Reported Trade Mark and Copyright Cases for September 2001

25 September 2001

Katharine Stephens

Court decisions marked with an asterisk are available on the following ECJ web site at All decisions of the Trade Mark Office reported this month are available on the Patent Office web site

Registry Decisions

 BL No.


 Earlier Mark





PLANTEX (class 30, sauces, aromatic preparations and substances, farinacious products, vermicelli) (registered mark revoked in separate action)


Colour and flavour extracts from fruit and plants (2, 3, 29, 30, 32)

Opposition failed under sections 3(1)(b) and 3(6). Use of 'TECH' was acceptable use of the abbreviation from 'TECHNOLOGY' as it was used in combination with the name of non-technical goods.








Nail care products (3)

 Opposition succeeded under section 5(4)(a). Even though the mark could be taken to indicate that the goods were of a standard used or for use by professionals, it was open to other interpretations. Although the marks did not have much in the way of distinctiveness, as they were identical for identical goods, a small degree of distinctiveness was sufficient.






GLOBERISK (class 9, computer software)


Business and financial consultancy services (35, 36)

Opposition succeeded under section 5(2)(a). Even though the applicants had established a reputation in their mark and the opponent had yet to put its mark into use, goods of the opponent marketed under its mark would be likely to be associated with those of the applicant and there was a real risk of confusion.

Single colour mark

BP Amoco plc v. John Kelly Ltd & anr (Northern Ireland Court of Appeal, Carswell LCJ., Nicholson, McCollum L.JJ.; 2.2.01)

BP owned two trade marks for the colour green (Pantone 348c) when applied to the exterior surface of a garage forecourt as depicted in the registration. The marks were registered for oils, fuels and vehicle maintenance etc. in classes 4 and 37. The defendants applied a slightly darker shade of green (Pantone 341c) to their garage forecourts. The judge at first instance held that the marks were valid, but not infringed and that there was no passing off ([2001] FSR 307). The Court of Appeal allowed the appeal, finding that the marks were infringed under section 10(2), but that the allegation of passing off could not be sustained.

On the issue of validity, the Court held:

  • the definitions of the marks in the application forms were not confused and meaningless;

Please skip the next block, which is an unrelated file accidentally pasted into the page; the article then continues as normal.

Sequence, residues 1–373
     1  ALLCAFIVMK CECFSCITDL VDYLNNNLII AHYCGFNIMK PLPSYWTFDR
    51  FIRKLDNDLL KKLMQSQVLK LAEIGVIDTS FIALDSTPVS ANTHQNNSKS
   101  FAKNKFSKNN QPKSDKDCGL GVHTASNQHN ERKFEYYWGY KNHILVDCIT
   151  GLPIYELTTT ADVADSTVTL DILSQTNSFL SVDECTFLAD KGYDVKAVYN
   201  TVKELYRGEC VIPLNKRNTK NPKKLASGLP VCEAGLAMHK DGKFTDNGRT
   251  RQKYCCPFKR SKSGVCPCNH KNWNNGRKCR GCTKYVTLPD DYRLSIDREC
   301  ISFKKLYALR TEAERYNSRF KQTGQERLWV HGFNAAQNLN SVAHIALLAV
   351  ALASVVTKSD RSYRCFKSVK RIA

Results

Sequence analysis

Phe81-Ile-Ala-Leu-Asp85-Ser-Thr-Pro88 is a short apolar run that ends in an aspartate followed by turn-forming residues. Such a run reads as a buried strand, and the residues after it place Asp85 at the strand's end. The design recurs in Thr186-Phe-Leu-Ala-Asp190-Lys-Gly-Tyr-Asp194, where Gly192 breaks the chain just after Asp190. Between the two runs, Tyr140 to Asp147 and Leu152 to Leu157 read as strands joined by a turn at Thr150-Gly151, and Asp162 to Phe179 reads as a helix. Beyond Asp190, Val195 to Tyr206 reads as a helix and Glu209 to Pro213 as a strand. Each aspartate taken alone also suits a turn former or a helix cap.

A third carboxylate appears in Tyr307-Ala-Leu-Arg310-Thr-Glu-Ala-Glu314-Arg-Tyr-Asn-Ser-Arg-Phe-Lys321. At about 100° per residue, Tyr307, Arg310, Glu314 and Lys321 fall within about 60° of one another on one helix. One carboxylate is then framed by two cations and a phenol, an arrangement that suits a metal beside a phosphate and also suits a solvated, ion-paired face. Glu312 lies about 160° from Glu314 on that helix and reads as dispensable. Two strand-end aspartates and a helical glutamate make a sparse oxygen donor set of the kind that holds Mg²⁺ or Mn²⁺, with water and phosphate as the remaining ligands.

• the colour was sufficiently defined, but the mark was not limited to the precise layout of premises shown in the registration;        

  • the application was not made in bad faith since BP had intended to use and had used the marks without the BP logo; and        

  • the marks were distinctive.

On this last point, the Court held that a single colour could be registerable. On the evidence, BP was able to prove that the particular colour green of the registration indicated its service stations to the exclusion of all others. The Court doubted that BP's marks had the necessary distinctiveness when the registrations were made, but they had certainly acquired such character by the time they were challenged.

On infringement, the judge had held that there was no infringement because the marks were intended to be used on a particular format and layout of a service station. As stated above, the Court of Appeal did not consider the mark to be so limited. Therefore, when considering the relevant factors globally, including the degree of distinctiveness of BP's marks, the similarity in the shades of green and the evidence of actual confusion, the Court held that there was infringement. However, there was no passing off because of the prominent use of the word TOP by the defendants on their service stations.

Own-name defence

Asprey and Garrard Ltd v. (1) WRA (Guns) Ltd (t/a William R. Asprey Esquire) and (2) William Asprey (Jacob J.; 18.5.01)

Jacob J. granted summary judgment in this case of passing off and trade mark infringement. The second defendant used his full name "William R. Asprey Esquire" above his shop selling, among other things, guns, from a premises close to the world famous Aspreys. There were a number of instances of confusion caused by the use by the second defendant of his name and, although there was no intention to pass off, subject to the own-name defence, he was doing just that.